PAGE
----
In 2008, the company’s stock was worth just $4 per share. In 2017, Domino’s became one of the fastest growing stocks on the market, trading at over $215 at their high point.

More importantly though, they’ve been able to get even the staunchest of pizza critics, and former Domino’s detractors (AKA New Yorkers) to become promoters once again.

Only time will tell if Papa John’s will have the ability to recover from this most recent crisis, but if they can learn anything from their competition, it’s to strategically embrace the voice of their customer.

Negative Word-of-Mouth Can Impact Any Company

These two examples help illustrate the importance of understanding, responding to, and leveraging customer sentiment at ANY and EVERY point in time.

While these two scenarios feature massive consumer brands with hundreds of thousands (or perhaps millions) of customers, negative word-of-mouth can impact a company in any industry and at any stage of growth.

A TARP study revealed that while positive experiences are only shared with a few people on average, negative experiences get shared with an average of 12 people by comparison.

What’s more, they found that each of those 12 people tends to mention the occurrence with 6 others.

Ultimately, that leads to negative word-of-mouth experiences spreading 30 – 35 times greater than positive ones.

Negative word-of-mouth experiences are spread 30 - 35 times greater than positive ones. Click To Tweet

To makes matters even worse, it’s been proven that negative experiences spread twice as fast as positive ones, as well as have an average of 2.4% greater impact on your financials.

That’s all to say that regardless of your industry, customer type, stage of growth, etc, you need to understand the true sentiment of your customers, the drivers of that sentiment and what your customer personas are before any potential crisis destroys your business.

With word-of-mouth marketing (both positive and negative) impacting the majority of all purchases made today, you need to have a constant pulse on the customers that are driving it. Net Promoter is the most proven and effective way to do that if used correctly.

So, what are you waiting for? Sign up for a free trial of Promoter today!

Dana Severson

Dana Severson is the Director of Marketing at Promoter.io and cofounder of Startups Anonymous. Former founder & CEO of Chasm.io/Wahooly and AngelPad Alum. In addition to focusing on growth at Promoter, Dana is a weekly columnist for Inc.com

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Sightbox net promoter

How Sightbox Went from Launch to Acquisition In 18 Months By Focusing on Customer Happiness

According to research done by the Vision Council of America, approximately 75% of all adults need some form of vision correction.  

If you are (or were) part of the 75% like me (I had corrective surgery several years ago), you know how big of a pain in the butt it can be to maintain your prescription each year, not to mention the costs, especially if you wear contact lenses.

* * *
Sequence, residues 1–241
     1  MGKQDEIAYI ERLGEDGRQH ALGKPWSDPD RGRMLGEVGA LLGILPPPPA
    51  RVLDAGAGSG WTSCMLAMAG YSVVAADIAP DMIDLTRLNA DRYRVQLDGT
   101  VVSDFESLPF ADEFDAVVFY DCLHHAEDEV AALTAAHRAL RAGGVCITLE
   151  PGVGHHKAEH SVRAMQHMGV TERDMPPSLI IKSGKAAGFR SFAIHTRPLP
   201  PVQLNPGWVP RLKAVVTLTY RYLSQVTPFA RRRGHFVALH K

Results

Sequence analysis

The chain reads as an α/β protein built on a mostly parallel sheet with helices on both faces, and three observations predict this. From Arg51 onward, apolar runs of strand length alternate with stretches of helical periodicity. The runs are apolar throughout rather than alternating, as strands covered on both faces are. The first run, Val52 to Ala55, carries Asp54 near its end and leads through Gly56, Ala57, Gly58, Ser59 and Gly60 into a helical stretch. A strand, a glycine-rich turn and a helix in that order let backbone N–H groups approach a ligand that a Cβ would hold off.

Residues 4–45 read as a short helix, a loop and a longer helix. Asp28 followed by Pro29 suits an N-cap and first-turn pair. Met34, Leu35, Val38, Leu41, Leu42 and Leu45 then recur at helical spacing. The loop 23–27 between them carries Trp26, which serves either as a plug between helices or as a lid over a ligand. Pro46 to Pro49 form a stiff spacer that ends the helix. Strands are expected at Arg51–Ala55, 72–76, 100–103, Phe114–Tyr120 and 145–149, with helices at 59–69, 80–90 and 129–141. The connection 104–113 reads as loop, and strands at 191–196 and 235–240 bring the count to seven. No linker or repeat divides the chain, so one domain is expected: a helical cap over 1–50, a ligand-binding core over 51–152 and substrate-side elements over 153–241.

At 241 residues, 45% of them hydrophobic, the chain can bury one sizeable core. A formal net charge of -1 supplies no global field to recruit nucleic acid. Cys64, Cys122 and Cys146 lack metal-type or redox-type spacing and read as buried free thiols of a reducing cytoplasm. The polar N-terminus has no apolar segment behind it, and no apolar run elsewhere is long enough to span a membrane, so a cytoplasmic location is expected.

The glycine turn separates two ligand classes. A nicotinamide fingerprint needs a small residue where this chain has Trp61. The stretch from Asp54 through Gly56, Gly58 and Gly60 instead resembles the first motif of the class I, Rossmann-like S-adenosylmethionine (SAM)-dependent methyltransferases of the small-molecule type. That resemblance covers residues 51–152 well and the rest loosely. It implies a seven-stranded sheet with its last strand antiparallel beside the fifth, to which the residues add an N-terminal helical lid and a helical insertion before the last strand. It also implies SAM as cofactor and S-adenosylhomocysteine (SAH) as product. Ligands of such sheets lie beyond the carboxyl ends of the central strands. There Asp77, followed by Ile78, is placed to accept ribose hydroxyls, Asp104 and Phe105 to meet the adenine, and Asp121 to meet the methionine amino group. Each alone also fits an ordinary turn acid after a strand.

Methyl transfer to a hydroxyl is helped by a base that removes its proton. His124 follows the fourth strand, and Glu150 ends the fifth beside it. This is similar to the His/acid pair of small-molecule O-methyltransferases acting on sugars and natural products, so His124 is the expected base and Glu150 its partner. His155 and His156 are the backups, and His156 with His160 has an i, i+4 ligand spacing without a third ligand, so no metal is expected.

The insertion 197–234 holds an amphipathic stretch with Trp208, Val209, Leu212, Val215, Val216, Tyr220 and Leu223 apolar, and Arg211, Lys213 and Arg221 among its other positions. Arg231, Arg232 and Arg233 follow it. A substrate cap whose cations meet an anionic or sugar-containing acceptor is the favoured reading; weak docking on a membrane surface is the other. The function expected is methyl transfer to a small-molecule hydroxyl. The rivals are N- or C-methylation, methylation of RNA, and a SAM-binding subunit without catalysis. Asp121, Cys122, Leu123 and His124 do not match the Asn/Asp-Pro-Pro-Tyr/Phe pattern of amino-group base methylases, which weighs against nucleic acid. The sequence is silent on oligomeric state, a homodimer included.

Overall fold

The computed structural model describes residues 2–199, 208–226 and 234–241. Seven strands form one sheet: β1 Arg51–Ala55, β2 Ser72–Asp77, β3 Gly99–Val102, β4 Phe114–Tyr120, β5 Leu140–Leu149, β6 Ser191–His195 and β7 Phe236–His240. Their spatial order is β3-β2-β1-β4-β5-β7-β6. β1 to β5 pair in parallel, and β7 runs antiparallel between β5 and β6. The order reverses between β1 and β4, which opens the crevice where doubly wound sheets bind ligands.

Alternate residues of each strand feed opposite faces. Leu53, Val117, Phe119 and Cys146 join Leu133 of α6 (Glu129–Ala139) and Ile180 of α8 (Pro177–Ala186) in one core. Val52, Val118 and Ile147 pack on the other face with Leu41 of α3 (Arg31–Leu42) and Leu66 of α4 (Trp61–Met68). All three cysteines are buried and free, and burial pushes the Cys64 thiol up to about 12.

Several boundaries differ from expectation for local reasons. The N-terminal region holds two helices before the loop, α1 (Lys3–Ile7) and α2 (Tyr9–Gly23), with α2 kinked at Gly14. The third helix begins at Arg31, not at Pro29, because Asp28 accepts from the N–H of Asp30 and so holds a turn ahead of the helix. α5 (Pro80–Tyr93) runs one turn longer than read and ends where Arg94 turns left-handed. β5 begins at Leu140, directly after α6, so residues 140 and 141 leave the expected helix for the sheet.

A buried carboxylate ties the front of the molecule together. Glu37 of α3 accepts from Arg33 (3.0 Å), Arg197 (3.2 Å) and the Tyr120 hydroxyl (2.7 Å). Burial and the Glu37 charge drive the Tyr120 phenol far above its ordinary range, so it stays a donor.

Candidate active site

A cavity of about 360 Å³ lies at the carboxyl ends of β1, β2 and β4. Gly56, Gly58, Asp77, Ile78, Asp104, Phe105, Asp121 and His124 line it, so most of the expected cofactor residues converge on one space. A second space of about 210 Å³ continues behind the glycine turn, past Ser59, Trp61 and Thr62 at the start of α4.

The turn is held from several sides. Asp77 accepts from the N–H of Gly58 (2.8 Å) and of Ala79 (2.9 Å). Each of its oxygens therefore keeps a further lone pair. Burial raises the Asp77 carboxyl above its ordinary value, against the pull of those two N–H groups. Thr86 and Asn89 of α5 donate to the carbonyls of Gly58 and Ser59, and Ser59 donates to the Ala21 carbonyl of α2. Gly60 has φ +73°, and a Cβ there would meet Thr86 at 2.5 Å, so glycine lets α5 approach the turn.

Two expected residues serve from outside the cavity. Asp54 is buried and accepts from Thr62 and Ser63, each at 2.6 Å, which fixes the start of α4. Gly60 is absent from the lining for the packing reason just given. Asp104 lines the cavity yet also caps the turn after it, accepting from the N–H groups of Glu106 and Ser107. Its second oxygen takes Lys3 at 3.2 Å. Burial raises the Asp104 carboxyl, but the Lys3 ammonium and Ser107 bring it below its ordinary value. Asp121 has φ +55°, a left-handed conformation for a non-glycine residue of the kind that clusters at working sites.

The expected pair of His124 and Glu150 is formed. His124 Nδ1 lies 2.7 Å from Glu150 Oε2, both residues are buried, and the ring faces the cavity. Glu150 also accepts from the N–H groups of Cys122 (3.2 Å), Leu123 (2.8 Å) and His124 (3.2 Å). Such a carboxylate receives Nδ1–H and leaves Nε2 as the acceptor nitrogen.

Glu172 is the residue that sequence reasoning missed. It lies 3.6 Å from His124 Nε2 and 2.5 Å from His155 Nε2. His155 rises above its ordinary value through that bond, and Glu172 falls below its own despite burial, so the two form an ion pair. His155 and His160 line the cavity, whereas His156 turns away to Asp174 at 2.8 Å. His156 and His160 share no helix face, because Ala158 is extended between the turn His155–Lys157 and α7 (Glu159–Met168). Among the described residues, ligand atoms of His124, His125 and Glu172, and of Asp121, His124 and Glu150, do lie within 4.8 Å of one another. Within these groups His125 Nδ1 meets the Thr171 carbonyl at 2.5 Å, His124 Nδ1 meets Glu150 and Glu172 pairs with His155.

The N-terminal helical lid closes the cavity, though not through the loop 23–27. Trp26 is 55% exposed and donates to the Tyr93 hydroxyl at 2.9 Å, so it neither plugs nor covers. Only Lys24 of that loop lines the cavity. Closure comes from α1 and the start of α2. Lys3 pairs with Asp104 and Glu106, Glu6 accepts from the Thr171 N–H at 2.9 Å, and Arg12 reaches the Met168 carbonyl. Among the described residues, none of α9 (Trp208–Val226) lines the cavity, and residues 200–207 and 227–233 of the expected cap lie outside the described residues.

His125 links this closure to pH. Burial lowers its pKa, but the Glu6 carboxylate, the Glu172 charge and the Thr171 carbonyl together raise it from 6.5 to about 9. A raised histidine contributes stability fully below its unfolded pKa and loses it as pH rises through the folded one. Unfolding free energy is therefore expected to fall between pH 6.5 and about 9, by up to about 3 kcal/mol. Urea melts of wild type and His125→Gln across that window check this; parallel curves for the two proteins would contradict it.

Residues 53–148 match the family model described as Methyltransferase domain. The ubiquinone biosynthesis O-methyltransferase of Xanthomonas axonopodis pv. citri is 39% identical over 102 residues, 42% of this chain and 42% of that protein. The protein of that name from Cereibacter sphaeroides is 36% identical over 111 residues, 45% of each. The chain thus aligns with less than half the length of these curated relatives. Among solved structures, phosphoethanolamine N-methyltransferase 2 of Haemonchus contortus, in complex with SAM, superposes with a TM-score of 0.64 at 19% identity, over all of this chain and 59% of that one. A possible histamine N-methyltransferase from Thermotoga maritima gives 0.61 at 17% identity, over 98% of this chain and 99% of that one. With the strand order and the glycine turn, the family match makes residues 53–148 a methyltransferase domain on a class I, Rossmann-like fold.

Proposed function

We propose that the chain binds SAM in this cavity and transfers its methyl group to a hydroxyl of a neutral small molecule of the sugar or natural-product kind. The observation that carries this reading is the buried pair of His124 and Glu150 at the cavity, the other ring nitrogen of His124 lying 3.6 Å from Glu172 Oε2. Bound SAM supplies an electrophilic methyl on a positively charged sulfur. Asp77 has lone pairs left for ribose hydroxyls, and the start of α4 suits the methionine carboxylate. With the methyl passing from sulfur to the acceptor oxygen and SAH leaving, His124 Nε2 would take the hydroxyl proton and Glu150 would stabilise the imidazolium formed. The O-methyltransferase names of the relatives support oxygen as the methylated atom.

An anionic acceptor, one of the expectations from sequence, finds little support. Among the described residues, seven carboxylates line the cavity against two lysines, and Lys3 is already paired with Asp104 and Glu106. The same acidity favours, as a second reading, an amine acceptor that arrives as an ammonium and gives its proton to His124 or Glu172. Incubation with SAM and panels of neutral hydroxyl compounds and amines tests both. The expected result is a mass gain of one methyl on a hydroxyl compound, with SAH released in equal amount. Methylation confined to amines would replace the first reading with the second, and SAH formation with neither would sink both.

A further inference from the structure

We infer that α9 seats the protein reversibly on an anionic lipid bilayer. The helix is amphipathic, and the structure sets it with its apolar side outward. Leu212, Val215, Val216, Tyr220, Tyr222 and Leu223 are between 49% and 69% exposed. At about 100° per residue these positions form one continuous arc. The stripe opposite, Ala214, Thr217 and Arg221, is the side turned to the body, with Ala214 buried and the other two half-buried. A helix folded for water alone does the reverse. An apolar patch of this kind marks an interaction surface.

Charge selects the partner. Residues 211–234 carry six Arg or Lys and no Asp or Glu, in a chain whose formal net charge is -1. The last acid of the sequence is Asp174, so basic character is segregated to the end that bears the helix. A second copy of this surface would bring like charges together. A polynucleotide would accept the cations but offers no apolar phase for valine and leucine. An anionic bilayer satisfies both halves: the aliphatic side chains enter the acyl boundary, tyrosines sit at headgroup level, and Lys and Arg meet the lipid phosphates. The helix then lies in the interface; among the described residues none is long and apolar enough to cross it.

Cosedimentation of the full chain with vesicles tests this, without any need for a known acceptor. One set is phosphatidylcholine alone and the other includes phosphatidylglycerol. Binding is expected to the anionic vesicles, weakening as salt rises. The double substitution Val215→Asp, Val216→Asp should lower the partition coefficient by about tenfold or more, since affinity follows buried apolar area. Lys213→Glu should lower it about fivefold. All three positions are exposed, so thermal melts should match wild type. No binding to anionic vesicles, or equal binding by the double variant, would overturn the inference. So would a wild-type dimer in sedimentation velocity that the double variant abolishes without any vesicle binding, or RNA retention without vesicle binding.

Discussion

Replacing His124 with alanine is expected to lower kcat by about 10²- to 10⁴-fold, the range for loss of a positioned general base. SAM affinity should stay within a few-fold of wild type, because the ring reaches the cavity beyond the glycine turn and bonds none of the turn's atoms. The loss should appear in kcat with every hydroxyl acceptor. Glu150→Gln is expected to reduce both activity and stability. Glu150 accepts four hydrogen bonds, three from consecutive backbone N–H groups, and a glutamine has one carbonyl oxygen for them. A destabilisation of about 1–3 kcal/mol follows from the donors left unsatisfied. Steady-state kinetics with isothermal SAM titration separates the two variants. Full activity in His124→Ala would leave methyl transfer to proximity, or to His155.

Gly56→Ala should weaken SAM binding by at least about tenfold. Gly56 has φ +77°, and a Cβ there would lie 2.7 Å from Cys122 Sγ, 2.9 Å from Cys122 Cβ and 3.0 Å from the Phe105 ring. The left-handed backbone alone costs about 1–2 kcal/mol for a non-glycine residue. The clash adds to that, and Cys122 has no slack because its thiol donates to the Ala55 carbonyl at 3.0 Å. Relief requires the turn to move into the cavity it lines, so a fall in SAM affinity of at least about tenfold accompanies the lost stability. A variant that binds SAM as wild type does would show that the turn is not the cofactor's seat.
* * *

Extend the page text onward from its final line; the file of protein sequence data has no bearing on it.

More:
Enter Sightbox, a subscription-based company for contact lens wearers, that reduces the headaches and costs of maintaining your vision correction.  

Sightbox-Vision-Care-for-Contact-Lens-Wearers

Just last week, the Portland-based company announced that after only 18 months since their launch, they’ve been acquired by the health behemoth, Johnson & Johnson.

Prior to this announcement, the 20-person team at Sightbox had managed to raise $4.2 million in venture funding and amass 1000’s of customers in the short time they’ve been in the market.

How did they do it?

Richard Kotulski, Marketing Manager at Sightbox believes that their explosive growth has a lot to do with their ability to maintain a high-level of positive customer sentiment. The focus on the customer experience has led to strong retention (aka renewals), along with a consistently excellent NPS score of 59, which translates into advocacy.

Before we go into their process of maintaining customer excellence, let’s first take a look at why customers have sought them out in the first place.

Imagine you’re someone that wears contacts.

If you’re like the majority, your insurance coverage probably doesn’t cover much beyond your annual eye visit, and that’s if you’re lucky.  

In order to supply yourself with the contacts you’ll need for any given year, you’re required to first have an annual exam. If you don’t already have an optometrist, you’ll need to find one on your own, book an appointment and likely pay out-of-pocket.

Once you have your prescription, you then will be able to order your contacts. For most people, the only option is to buy the year supply all at once, which can cost a pretty penny.

This is where Sightbox saw a market opportunity.

Paying for the expense of the visit and a year’s supply of contacts up front isn’t reasonable for most people, so Sightbox decided to create an easier and more affordable way to do it.

Their model is pretty simple. For a flat monthly fee, Sightbox will find you a convenient eye doctor, book and pay for the appointment, and then send your needed supply of contacts on a monthly or quarterly basis.